Extreme weather, heavy costumes, and even heavier weapons? It's not easy living in Westeros. To keep up with the show's hectic production schedule, and to make sure their characters look as authentically badass as possible, the cast of Game of Thrones has to make absolutely sure they're in peak physical condition.
Here's how four of those stars keep themselves in fighting shape, with physiques worthy of the Age of Heroes.
Kit Harington (Jon Snow)
Jon Snow might know nothing, but Kit Harrington knows a lot about physical fitness by now. His role on Game of Thrones requires him to often wear a ton of bulky clothing, while also wielding heavy swords and other weapons, all with the grace and dexterity of a trained warrior.
That's no easy job, so to keep in shape, his coach Dalton Wong (via Men's Journal) focuses on exercise motions that are similar to the actual things he'll be doing on set, unlike typical weight training and conditioning routines.
So instead of your usual "isolation exercises" (exercises that target specific muscles, like a bicep curl), Harrington will do ones with a big range of movement, working the largest muscle groups like the back and legs. He also works these routines with enough intensity so that it can double as cardio, saving him time in the gym.
Examples of some of the exercises in his 45-60 minute sessions include deadlifts, lunges, and cable routines that mimic motions like swinging a sword.
Nikolaj Coster-Waldau (Jaime Lannister)
The Kingslayer is not a fan of the treadmill, so he spends most of his gym workout time on lifting (which helps with the look of the character, as he needs to appear lean and battle-ready, despite weighing over 190 lbs).
According to an interview with Men's Fitness, he warms up with, "medicine ball throws, plyometric pushups, and burpees." He'll then move on to various standing and bench press variations for strength training. Finally, he'll end the workout focusing on his core using an exercise ball, to help overcome a chronic back injury.
To keep things fresh and also work on his cardio, Coster-Waldau mixes it up with "fun" routines like, "running through a nearby forest, mountain biking, or cross country skiing."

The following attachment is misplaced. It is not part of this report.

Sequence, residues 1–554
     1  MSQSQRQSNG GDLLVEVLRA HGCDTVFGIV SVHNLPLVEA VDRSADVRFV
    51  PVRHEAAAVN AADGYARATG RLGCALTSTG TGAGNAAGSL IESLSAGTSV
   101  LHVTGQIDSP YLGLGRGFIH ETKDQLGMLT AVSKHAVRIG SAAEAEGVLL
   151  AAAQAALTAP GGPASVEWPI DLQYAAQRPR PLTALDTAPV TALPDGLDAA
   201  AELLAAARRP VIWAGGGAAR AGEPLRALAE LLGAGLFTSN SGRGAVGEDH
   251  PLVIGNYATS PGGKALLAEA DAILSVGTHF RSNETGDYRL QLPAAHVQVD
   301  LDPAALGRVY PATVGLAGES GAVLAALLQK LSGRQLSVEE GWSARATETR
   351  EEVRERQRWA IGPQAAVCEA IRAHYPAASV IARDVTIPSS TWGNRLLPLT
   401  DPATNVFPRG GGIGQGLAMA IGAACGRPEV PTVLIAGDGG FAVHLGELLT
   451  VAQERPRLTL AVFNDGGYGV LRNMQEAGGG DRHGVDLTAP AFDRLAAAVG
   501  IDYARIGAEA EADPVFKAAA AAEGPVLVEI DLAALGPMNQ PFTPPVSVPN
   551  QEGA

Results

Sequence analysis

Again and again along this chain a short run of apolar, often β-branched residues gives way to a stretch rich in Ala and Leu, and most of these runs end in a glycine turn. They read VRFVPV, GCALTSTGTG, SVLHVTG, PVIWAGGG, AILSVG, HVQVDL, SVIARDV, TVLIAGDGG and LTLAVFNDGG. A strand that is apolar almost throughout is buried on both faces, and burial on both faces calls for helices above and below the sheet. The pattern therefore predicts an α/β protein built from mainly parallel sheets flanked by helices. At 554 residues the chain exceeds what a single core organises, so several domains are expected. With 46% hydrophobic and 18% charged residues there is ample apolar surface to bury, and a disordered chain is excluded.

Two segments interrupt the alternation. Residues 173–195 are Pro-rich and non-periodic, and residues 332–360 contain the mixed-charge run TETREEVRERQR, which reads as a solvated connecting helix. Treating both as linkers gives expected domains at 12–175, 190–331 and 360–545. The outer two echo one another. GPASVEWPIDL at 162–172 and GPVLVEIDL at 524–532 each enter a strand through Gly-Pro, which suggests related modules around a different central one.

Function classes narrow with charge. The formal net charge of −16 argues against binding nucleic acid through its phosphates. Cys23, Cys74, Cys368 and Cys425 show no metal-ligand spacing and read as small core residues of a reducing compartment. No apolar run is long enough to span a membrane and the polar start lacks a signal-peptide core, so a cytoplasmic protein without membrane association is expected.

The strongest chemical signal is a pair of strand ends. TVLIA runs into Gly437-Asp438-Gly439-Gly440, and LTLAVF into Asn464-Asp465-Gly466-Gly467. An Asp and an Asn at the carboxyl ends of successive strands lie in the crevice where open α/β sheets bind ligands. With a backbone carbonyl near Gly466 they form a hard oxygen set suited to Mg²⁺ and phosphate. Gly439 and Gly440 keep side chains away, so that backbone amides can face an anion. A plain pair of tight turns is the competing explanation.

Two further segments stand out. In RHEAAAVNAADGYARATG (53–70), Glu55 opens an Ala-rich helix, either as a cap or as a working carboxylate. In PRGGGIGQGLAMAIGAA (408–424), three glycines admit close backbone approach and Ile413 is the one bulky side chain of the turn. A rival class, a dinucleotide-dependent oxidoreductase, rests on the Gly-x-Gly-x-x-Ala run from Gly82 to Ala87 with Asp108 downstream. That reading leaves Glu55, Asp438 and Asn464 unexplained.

Jason Momoa (Khal Drogo)
Khal Drogo only survived one season of Game of Thrones, but Jason Momoa absolutely owned that character whenever he was on screen.
Momoa naturally has a very muscular build, but to play someone like Drogo, he needed to pack on way more muscle than he would normally carry. To get the results he needs in a short amount of time, Momoa relies on a system called "Ar 7."
Ar 7 is a high-intensity workout plan that had him doing 2-3 sessions, five days a week. He focused mainly on weight training using low weight, high reps, and very short rest periods.
He also put himself on a very structured diet, eating a boiled chicken breast every two hours (sometimes as many as eight a day), while abstaining from carbs in favor of greens and lean meats. To keep his energy levels up, Momoa used peanut butter.
Once he's done shooting something though, Momoa likes to treat himself right:
"I had a giant bowl of pasta and I swear to Christ it was like I was on heroin."
Hafthor Julius Bjornsson (The Mountain)
Let's be real here, no matter how much we workout, 99.9999999% of us will never get anywhere near as massive as the Mountain. That being said, if you're curious as to what goes into keeping a physique like that, it's not just genetics (although I'm sure that helps).
Bjornsson is a big proponent of natural exercise methods, like carrying huge rocks and logs, and pushing weighted sleds, instead of lifting traditional weights (make no mistake though, he can lift, he can deadlift nearly a thousand pounds).
Another big component of his fitness regimen is very careful planning when it comes to his diet and nutrition. He once revealed his typical daily intake on Facebook, and well, let's just say eating that much might kill a smaller man.
He starts each and every morning with a protein supplement and some almonds before doing his cardio. Then he'll have a light breakfast of eight eggs, 200 grams (about .44 pounds) of oats, and a healthy helping of blueberries, strawberries, and avocados.
Just two hours later, he'll down 400 grams of beef and 400 grams of sweet potatoes, along with some spinach and greens. Then more supplements (Bcaa and glutamine), before a lunch of chicken, potatoes, greens, and fruit.
After another two hours pass, he'll make a shake of oats, bananas, cereal, berries, almonds, and peanut butter. Then more supplements, 60 grams of protein, and two more bananas.
Finally, it's dinner time (a huge helping of beef, potatoes, and greens), before a second dinner meal of salmon and sweet potatoes, and a late night snack of six eggs, avocado, almonds, and peanut butter. Oh yeah, and in the middle of the night, he'll have some more protein and raw eggs.
Is anyone else's stomach hurting yet?
Well, I guess when you're a 20-something year-old who weighs over 400 pounds and consistently places in the top three of multiple strength competitions every year, you might eat a bit more than the average guy.